BURU Energy has deferred its hydraulic fracturing program until 2015, citing delays in securing the required approvals, one month after New Standard Energy did the same thing.
In a broad-ranging announcement released on 14 July, the company said it had received the regulatory approvals required to proceed with its Laurel Formation tight gas pilot exploration program.
“The extensive and iterative nature of these approvals have also meant that the operational timeframes for undertaking the program have been compressed, as it was not possible to commence initial site and preparatory work until the approvals were received,” the company said.
“In light of the fact the approvals have only recently been received, it has been necessary to undertake a full review of the planned execution and timing of the program.”
The review had led Buru to plan a three-phase approach with a total estimated cost of over $40 million – half of which would be borne by Buru under the terms of its joint venture with Mitsubishi.
Buru will carry out wellsite preparation and civil works, diagnostic fracture injection tests and well conditioning at the site up until October this year, it said.
A planning, validation and optimisation phase, as well as a review of the design of the fracs so far, would take place from the same time, up until March 2015 – for the duration of the Kimberley Wet Season.
The company would then carry out the fracs from March until August 2015, with this to be followed by a three month follow back period to ensure the data obtained would allow definitive decline curves to be calculated.
Buru said Alcoa would cover its portion of the total project cost under the terms of a previously announced agreement.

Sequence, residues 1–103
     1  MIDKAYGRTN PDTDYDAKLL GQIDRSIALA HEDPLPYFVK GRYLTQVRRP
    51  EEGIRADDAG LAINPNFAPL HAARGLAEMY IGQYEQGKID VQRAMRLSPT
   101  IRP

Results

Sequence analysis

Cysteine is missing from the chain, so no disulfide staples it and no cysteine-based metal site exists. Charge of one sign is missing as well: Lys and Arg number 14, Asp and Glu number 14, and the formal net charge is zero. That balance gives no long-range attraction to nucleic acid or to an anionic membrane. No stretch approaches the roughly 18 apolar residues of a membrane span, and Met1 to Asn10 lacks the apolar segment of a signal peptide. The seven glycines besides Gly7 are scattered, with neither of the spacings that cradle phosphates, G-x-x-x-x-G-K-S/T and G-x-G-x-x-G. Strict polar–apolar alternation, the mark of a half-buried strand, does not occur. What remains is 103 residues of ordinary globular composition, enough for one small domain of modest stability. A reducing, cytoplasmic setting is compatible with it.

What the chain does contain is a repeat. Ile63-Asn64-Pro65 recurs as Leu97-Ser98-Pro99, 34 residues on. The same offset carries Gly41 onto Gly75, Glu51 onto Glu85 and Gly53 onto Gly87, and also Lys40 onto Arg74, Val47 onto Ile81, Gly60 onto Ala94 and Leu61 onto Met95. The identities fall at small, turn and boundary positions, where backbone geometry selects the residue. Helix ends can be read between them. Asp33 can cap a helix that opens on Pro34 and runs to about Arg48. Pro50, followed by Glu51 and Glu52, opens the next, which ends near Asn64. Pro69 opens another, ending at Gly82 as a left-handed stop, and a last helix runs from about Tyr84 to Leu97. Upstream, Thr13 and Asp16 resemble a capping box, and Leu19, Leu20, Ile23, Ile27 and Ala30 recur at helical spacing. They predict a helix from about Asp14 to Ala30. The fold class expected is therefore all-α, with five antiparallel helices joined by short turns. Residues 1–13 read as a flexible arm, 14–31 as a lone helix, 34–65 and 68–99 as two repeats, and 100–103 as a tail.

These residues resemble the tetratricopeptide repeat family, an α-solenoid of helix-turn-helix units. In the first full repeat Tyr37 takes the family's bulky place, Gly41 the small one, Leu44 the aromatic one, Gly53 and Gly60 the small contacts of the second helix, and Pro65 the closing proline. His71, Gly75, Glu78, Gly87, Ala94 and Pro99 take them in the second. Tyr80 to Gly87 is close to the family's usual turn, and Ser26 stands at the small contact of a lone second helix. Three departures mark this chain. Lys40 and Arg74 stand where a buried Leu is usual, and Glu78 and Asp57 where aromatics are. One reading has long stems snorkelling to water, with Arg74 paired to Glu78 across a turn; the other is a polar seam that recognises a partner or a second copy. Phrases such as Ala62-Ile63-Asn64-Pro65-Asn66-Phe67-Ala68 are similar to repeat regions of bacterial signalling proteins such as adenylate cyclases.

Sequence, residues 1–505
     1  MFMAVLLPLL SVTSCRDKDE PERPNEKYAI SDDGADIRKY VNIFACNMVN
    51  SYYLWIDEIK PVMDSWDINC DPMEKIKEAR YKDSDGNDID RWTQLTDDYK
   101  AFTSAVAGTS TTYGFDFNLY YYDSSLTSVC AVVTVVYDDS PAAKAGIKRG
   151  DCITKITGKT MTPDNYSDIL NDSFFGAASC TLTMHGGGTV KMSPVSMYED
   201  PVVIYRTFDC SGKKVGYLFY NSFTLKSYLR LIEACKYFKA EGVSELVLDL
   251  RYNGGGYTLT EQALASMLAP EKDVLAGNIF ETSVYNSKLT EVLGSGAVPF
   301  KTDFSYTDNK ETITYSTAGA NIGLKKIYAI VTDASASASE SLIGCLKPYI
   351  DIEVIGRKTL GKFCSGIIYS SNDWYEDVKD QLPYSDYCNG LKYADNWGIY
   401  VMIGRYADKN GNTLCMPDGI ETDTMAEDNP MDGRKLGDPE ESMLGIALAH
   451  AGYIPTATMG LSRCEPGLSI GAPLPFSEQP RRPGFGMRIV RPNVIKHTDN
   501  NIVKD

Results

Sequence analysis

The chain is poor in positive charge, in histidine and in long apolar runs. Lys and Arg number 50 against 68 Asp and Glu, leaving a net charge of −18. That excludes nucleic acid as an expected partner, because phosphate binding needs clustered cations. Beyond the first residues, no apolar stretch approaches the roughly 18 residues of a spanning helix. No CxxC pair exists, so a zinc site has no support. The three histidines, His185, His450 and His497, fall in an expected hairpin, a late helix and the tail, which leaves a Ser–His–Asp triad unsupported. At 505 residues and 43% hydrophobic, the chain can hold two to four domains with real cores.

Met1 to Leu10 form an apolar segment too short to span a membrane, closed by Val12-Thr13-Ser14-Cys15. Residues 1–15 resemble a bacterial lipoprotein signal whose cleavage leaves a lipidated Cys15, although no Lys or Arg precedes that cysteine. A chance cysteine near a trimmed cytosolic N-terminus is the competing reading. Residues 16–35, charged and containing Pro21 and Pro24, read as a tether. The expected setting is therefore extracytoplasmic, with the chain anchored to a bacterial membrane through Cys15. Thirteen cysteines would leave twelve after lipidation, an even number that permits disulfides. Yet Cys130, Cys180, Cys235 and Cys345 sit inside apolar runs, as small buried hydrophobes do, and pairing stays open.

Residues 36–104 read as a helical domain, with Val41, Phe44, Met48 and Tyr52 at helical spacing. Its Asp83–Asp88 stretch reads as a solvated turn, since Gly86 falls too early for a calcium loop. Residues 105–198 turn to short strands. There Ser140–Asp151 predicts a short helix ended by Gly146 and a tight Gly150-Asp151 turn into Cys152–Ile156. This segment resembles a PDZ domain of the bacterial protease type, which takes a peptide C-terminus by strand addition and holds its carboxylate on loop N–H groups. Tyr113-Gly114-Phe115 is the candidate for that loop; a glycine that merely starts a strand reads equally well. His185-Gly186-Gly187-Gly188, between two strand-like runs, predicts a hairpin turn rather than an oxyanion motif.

The news came after New Standard Energy announced in early June that its Southern Canning joint venture with ConocoPhillips and PetroChina had decided to defer its Canning and Carnarvon basin drilling activity until 2015.
“Unfortunately delays in receiving various stakeholder approvals required for the drilling of the Brooke North 1 well have made it impossible to drill the well prior to this year’s wet season,” the company said.
The project partners had been in talks with the Western Australian state government to ensure that this delay did not delay its tenure over the permits – with New Standard Energy managing director Phil Thick saying the support received was “very positive”.
“We are now in a position where we will expect to have extra time to plan and implement our WA drilling program while retaining the upside of our considerable acreage and the support of our global partners,” he said.
The company was also finalising a renegotiation of its drilling services agreement with Enerdrill to re-schedule the drilling of its Western Australian wells until 2015.
“Both companies remain committed to the intended drilling program and have sought to renegotiate timelines rather than terminate the drilling contract, an outcome which is beneficial to both parties,” the company said.